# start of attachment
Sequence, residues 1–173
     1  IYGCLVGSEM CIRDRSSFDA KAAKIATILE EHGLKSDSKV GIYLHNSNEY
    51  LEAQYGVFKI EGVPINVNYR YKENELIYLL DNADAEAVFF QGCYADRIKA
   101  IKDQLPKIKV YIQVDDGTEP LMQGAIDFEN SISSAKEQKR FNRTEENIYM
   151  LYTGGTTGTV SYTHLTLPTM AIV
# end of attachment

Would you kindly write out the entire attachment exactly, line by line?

Sequence, residues 1–173
     1  IYGCLVGSEM CIRDRSSFDA KAAKIATILE EHGLKSDSKV GIYLHNSNEY
    51  LEAQYGVFKI EGVPINVNYR YKENELIYLL DNADAEAVFF QGCYADRIKA
   101  IKDQLPKIKV YIQVDDGTEP LMQGAIDFEN SISSAKEQKR FNRTEENIYM
   151  LYTGGTTGTV SYTHLTLPTM AIV